Main points Beck advanced what he calls his "continuity hypothesis" as early as 1976, when he published Cognitive Therapy and the Emotional Disorders. What he means by this phrase is that human behaviors can be placed at various points along a continuum instead of being divided sharply into "normal" and "pathological" behaviors. Beck's interest in evolutionary biology allows him to situate the continuity hypothesis within the larger framework of human evolution, and thus to describe dysfunctional attitudes and behaviors as potentially adaptive. He uses the example of a graduate student who fails an examination:
Although it is important to realize that anger [directed at the examiners] and anxiety are potentially adaptive reactions, they can become maladap-tive when we exaggerate the degree of danger or the magnitude of an offense. The student who exaggerates his vulnerability during an oral examination may find that his mind goes blank and he performs just as badly as he feared he would.
The theoretical account of personality disorders in Cognitive Therapy of Personality Disorders discusses the origin of these Axis II syndromes in terms of "evolutionary-based strategies" that may have been necessary for survival in prehistoric times but are no longer adaptive in contemporary societies. The diagnosis of a personality disorder may reflect only a "bad fit" between a given individual and our present "highly individualized and technological society," rather than a clear-cut instance of untreatable psychopathology. Or, as Beck puts it in Prisoners of Hate, "The most hypersensitive reactors among us are destined to receive a psychiatric diagnosis, which serves as a mandate to receive help in moderating the exaggerated reactions."
Beck applied his continuity hypothesis to consciousness itself as well as to emotions and behaviors. Speaking in a 1991 interview, Beck openly disagreed with Freud's notion of "a thick concrete wall of repression" separating conscious thinking and feeling from unconscious wishes and drives. "Now my own notion is that consciousness is on a continuum. Some things are more conscious than others and some are less conscious When you drive your car, you're [ordinarily] not conscious of every single move you're making, but if you're focusing on it, then you do become aware of what you're doing." Otherwise stated, for Beck consciousness is not a unitary or either/or condition, but a flexible set of responses to the environment.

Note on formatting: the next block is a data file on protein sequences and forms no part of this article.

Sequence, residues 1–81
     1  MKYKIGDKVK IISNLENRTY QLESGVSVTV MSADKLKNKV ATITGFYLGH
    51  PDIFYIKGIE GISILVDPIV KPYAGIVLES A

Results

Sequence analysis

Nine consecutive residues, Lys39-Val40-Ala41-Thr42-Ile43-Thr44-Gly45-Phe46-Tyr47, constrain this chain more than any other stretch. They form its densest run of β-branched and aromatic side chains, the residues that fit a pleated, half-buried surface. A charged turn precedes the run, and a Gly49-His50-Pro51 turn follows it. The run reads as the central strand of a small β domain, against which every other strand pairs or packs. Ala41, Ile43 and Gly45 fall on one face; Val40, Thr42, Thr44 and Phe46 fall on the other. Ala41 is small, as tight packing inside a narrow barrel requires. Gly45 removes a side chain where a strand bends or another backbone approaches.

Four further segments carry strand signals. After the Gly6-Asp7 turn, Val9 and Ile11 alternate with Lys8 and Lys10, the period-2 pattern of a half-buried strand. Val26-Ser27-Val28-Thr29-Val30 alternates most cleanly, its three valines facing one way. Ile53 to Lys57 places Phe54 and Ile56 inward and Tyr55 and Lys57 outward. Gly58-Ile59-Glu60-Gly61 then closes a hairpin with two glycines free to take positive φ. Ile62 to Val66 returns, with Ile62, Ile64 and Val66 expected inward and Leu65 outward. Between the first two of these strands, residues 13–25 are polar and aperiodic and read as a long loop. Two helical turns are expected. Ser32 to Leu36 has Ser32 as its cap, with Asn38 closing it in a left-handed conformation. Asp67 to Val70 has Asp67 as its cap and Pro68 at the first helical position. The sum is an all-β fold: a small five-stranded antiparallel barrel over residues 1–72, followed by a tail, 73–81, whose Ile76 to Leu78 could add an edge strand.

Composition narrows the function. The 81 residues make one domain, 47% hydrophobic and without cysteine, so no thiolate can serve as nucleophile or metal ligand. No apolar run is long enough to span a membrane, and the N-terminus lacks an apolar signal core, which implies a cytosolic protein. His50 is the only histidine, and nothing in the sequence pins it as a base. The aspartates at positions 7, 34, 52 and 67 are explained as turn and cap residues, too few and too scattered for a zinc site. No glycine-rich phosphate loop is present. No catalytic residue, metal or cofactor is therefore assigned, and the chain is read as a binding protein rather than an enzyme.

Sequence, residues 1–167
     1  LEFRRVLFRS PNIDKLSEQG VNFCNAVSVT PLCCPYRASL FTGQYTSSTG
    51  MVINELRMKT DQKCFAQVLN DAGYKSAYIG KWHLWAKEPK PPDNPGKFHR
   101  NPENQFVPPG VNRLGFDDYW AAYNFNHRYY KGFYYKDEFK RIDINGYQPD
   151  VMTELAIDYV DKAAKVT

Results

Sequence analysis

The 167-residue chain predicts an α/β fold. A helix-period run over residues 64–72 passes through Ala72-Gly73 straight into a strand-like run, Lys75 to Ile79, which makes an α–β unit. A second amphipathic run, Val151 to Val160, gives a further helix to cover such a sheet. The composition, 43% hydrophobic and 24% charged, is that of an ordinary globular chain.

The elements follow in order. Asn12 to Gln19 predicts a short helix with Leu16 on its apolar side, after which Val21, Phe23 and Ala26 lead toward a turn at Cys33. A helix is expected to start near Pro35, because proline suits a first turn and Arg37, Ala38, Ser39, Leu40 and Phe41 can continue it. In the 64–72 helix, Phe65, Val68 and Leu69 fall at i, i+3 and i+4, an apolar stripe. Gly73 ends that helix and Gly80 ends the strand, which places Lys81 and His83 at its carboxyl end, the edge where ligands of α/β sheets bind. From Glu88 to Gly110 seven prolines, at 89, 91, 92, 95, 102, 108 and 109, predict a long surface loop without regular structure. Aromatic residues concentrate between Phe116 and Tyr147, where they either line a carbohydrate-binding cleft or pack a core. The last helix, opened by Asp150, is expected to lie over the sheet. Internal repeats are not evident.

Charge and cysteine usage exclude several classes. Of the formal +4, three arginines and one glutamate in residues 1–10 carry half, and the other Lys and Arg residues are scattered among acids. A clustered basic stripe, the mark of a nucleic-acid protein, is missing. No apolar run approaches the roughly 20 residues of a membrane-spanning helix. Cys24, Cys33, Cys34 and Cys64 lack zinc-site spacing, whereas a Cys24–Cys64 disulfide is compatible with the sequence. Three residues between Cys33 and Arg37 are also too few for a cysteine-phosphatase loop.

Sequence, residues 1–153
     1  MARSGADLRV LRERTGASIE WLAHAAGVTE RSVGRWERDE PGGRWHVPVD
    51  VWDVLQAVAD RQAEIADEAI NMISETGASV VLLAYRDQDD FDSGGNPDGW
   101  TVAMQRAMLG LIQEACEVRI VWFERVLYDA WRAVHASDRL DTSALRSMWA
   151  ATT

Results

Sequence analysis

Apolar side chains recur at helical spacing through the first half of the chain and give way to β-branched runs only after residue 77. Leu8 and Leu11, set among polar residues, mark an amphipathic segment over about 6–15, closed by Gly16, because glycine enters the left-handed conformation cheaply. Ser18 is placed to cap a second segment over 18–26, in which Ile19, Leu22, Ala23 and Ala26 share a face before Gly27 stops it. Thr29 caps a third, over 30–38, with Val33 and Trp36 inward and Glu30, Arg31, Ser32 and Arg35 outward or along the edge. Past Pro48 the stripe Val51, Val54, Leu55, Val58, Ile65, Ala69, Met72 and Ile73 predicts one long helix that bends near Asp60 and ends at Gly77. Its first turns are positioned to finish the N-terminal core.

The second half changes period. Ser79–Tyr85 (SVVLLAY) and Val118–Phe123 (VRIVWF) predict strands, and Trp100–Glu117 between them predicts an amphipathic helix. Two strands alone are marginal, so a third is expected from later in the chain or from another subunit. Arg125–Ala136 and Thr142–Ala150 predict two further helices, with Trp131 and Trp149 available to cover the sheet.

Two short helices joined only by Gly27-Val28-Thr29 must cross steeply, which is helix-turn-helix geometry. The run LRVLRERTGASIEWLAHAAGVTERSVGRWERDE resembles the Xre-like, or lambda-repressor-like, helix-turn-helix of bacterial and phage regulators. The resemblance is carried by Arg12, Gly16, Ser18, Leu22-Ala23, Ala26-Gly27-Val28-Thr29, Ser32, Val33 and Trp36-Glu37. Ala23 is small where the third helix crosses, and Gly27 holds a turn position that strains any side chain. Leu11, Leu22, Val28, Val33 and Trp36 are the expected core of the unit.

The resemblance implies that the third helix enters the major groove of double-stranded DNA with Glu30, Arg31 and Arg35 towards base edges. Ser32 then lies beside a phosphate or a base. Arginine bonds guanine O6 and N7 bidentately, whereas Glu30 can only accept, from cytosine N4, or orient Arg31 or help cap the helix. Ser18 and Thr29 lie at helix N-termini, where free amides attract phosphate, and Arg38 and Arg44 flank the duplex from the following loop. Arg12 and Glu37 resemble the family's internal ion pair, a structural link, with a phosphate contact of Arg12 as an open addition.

Explanation Beck's continuity hypothesis has systematic as well as practical consequences. In terms of his system of thought, the continuity hypothesis provides a bridge between schemas and cognitions on the one hand and what Beck calls automatic thoughts on the other. Beck's concept of automatic thoughts, which he defines as "brief signals at the periphery of consciousness," grew out of his early work with depressed patients. One patient undergoing treatment in 1959, when Beck was still practicing traditional psychoanalysis, reported a secondary succession of thoughts that occurred while he was free-associating and angrily criticizing Beck. The thoughts concerned feelings of guilt for verbally attacking the therapist. Beck was intrigued by the patient's account of his internal monologue and began asking other patients if they had thoughts during therapy sessions that they had not mentioned. On the basis of their replies, he elaborated his notion of automatic thoughts.
In practical terms, Beck's continuity hypothesis is helpful to many patients in that it removes some of the feelings of shame and social stigma that many associate with a psychiatric diagnosis. Instead of being placed on one side of a categorical wall that separates a patient from "normal" people, he or she can think of therapy as helping him or her to move along a continuum from a more to a less extreme position on the continuum. Interestingly, many of the strategies recommended to people in therapy for dealing with the stigma attached to mental disorders are essentially cognitive techniques.
Examples Beck's continuity hypothesis is the basis of a technique that some cognitive therapists refer to as the continuum technique. It is used specifically to challenge all-or-nothing thinking. Cognitive Therapy of Personality Disorders includes an example of this technique with a patient diagnosed with paranoid personality disorder. The patient was a radiologist who had an all-or-nothing view of competence; in his own words, a person was either completely "good at what he does" or a total "screw-up." The therapist began by asking the patient to describe a competent person, and then a "screw-up." He made a list of the qualities the patient associated with competence, such as "doing hard tasks well," "being relaxed while doing them," "catching and correcting mistakes," and "knowing one's limits," and a second list of their opposites. The therapist then drew a linear scale marked from "0" to "10," and asked the patient to rate himself on the continuum for each of the qualities he associated with competency. The radiologist quickly realized that he did not see himself as very relaxed at any time, and that neither he nor anyone else can function at their peak all the time. As the patient's view of competency became less polarized, the therapist then extended the continuum technique to his view of other people as either "completely trustworthy" or "totally malevolent, just like [his] family." Gradually the patient began to recognize that people, like skills, are not all-or-nothing packages, and he began to apply the continuum technique for himself to a range of social as well as occupational situations.
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